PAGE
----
3. I have a 2" diameter fence pole made of galvanized steele. Don't know if it is sch. 40 or not. It was about 12 bucks at home depot. There was a heavier one for about 40, but they guy helping me was convinced that I didn't need it. I think he was offended that I wanted to spend that much on a pole for a sat. dish.

1) Yes, they can. The concrete usually sets enough to work with in an hour or so.

2) Nope, unless you think it will be an issue.

3) Galvanized fence pole is what we use around here, and it works just fine (provided it is buried deep enough)

As far as mounting to the side of your house goes, it is generally not a problem provided the dish is mounted into a stud. Some companies (like mine) have policies prohibiting the mounting of any dish to vinyl or aluminum siding because it generates a large number of damage claims against the company.
 
Jimbo

Jimbo

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OK, I guess I'll go with the pole.

So, I guess I need to go with a 3' hole, 2 80 lbs bags of Quickcrete.

Three questions:

1. If they dig the hole and pour the concrete, can they mount the dish the same day?
2. Do I need to worry about drainage? I live in IL, the ground is ALL clay and rocks.
3. I have a 2" diameter fence pole made of galvanized steele. Don't know if it is sch. 40 or not. It was about 12 bucks at home depot. There was a heavier one for about 40, but they guy helping me was convinced that I didn't need it. I think he was offended that I wanted to spend that much on a pole for a sat. dish.

DO NOT put it on the fascia, it's not strong enough for the set up.

You COULD do this yourself and do it the way you want.
The $ 10 pole at Home Depot I would not use, as I doubt that it is sch. 40, probably sch. 20, I would reccomend 40.
You only need 1 bag of concrete, at least I did, I wnt 30" deep with Galvinized sch 40 from a fence company...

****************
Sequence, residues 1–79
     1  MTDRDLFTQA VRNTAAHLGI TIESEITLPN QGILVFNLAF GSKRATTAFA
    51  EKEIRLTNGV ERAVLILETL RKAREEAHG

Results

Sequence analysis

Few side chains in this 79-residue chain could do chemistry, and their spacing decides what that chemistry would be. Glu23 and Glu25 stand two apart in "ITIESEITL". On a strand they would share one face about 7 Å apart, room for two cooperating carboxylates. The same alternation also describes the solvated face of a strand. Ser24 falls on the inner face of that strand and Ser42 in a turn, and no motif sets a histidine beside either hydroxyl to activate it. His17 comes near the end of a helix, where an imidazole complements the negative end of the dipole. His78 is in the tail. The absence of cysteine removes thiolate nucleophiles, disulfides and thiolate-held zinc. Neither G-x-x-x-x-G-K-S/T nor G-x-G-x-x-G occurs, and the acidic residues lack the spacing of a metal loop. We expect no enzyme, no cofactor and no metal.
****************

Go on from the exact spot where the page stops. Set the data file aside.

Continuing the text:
I also went 16' high !!!
Drill a hole in the bottom of the pole and place a bolt or something like that thru it, this will keep it from ever turning.
I let my concrete dry 18-24 hours, but I had the time to do that, normally Quickcrete drys very quickly.

btw, chances are that the one at Home depot was not 2" either, normally they handle the 1 5/8's and the 2 3/8th I think was the bigger size either way neither is the size you need.

You could also do it on the side of your house if you can find the proper studs to mount it, you may want to make a backboard for it going across 2 studs.

I would rec. a pole mount.

Jimbo
 
T

thomas_d92

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May 20, 2006
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Exeter,ca.
I just had my install yesterday and the slimeline dish was installed using a u shaped pole that bolts into my roofing beams that extend out over the edge of the house. The mount bolts not on the facia but under the over hang onto a roof truss. I thought this was a neat idea . Buy mounting the dish this way there are no holes made in the roof and no need for a pole into the ground.
 
raoul5788

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I just had my install yesterday and the slimeline dish was installed using a u shaped pole that bolts into my roofing beams that extend out over the edge of the house. The mount bolts not on the facia but under the over hang onto a roof truss. I thought this was a neat idea . Buy mounting the dish this way there are no holes made in the roof and no need for a pole into the ground.

Can you post a picture of your install?
 
T

thomas_d92

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May 20, 2006
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Exeter,ca.
I do not have a camera so I cannot post a picture. The installer told me it is a standard piece of equipment that is an option instead of the regular shaft.
 
T

thomas_d92

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May 20, 2006
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Exeter,ca.
J-mount

Hey raoul5788 I found a website that sell the mount my installer used to mount my slime line 5 lnb dish. Check it out here: http://www.eave-mounts.com/ This was easy to install. I watched him do it . He lag bolted it to my eave beam. Put one bolt in then plum the pole and add two more bolts.
 
Jimbo

Jimbo

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Hey raoul5788 I found a website that sell the mount my installer used to mount my slime line 5 lnb dish. Check it out here: http://www.eave-mounts.com/ This was easy to install. I watched him do it . He lag bolted it to my eave beam. Put one bolt in then plum the pole and add two more bolts.